Sipping lattes in a bookstore, a retired friend and I talked about the exploding global population and the dwindling resources of the planet. By 2022, India’s inhabitants will exceed 1.4 billion. By 2050, our species will have grown from the current 7.3 billion to 9.7 billion. The likelihood we will have sufficient natural resources to eradicate poverty, malnutrition and inequality seems bleak. (“Health & Science,” The Week, August 21, 2015, pg. 19.)
Given the future’s potential chaos, my friend and I can hardly be blamed for considering old age a blessing. Neither of us will be around in 2050, but it doesn’t mean we’re indifferent about succeeding generations. Nonetheless, if convincing people about climate change was a hard sell, imagine the resistance and anger that will follow if governments resort to China’s example and attempt to limit the number of children born to each family. Even in Umoja, an all-women village in northern Kenya surrounded by a fence of thorns to keep men out, the community values infants. As one woman who has five off-spring by different men explained, “Without children, we are nothing.” (Click)
Nature has hard wired us to want decendants. But we can’t ignore their future as the planet grows more barren. (Click) In a way, we see some of that scarcity already. The number of Millennials forced to return home after graduation because they are saddled with tuition debt and can’t find decent paying jobs is a precursor of what will follow. That wages haven’t increased for several years has already pushed many people into subsistence living. To make ends meet, multigenerational households are becoming the norm. (“Making Money,” The Week, August 21, 2015, pg. 33.)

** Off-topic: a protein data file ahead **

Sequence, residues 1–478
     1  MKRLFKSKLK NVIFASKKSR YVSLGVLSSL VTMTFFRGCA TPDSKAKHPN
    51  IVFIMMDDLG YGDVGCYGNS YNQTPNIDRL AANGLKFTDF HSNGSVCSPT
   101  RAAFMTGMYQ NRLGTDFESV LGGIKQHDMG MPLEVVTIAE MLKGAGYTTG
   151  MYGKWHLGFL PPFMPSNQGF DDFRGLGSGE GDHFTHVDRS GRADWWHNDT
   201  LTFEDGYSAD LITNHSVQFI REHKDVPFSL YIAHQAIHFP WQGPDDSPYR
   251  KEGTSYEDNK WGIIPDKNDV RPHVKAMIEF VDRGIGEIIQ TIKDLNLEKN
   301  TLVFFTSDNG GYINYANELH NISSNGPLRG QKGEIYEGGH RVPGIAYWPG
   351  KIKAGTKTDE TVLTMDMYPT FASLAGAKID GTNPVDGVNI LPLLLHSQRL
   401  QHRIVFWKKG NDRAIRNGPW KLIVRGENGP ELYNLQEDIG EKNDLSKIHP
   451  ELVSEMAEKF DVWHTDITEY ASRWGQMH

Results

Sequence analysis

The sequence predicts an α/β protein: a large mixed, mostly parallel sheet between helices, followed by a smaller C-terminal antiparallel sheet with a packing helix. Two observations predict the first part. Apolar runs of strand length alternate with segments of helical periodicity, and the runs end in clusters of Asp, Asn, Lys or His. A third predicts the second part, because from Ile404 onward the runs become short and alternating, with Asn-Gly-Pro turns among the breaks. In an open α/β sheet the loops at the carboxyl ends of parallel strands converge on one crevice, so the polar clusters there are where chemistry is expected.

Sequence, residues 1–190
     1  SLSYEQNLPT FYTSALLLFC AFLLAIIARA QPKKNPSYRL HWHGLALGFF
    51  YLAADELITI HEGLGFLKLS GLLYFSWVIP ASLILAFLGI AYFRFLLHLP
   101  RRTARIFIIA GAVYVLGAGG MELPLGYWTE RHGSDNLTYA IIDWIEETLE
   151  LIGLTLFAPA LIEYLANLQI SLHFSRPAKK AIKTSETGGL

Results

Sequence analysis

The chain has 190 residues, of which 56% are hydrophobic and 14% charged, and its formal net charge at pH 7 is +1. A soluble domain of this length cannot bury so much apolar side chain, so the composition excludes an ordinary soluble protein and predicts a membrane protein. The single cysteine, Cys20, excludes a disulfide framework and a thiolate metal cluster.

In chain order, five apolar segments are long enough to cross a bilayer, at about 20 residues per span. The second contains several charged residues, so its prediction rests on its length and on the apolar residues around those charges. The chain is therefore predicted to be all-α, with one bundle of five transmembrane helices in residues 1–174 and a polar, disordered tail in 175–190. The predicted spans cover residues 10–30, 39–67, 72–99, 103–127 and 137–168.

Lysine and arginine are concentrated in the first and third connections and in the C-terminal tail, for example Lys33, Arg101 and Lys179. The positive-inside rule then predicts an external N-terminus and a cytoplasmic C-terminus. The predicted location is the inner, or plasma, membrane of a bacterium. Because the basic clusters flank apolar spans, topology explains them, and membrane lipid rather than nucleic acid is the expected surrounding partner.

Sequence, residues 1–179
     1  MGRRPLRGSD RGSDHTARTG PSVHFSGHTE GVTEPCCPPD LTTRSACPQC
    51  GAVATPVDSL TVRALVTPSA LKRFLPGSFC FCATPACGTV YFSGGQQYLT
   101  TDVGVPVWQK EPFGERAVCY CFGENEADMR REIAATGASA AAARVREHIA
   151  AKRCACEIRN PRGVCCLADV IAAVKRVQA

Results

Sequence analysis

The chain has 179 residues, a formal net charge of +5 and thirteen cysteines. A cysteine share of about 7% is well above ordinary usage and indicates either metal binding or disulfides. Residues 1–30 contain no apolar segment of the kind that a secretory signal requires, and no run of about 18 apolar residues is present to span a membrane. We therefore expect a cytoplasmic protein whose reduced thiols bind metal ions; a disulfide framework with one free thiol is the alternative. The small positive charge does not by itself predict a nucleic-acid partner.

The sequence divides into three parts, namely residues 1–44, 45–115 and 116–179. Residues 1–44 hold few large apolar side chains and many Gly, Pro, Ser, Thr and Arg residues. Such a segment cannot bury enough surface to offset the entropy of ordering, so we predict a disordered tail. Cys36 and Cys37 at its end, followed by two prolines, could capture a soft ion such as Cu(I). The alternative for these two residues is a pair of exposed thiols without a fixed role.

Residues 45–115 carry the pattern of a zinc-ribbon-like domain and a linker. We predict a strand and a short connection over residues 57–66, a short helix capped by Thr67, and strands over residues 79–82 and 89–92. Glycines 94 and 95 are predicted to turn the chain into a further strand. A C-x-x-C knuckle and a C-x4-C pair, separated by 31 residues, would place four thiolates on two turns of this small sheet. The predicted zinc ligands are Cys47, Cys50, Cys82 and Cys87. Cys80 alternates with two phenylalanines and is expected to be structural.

In the meantime, greed runs amok. CEO’s of US companies continue to receive incomes 200-300% higher than their workers . (Click) How can we hope for the future when our leaders care so little for the economic and social imbalance underway? Unwilling to share in the present, how will they lead in the future? If conscience isn’t enough to bring about change, let them consider this. Our species has prevailed since prehistoric times because we learned to cooperate. Forget that lesson and the grass will bury us. The mantra for the future must be: one for all and all for one.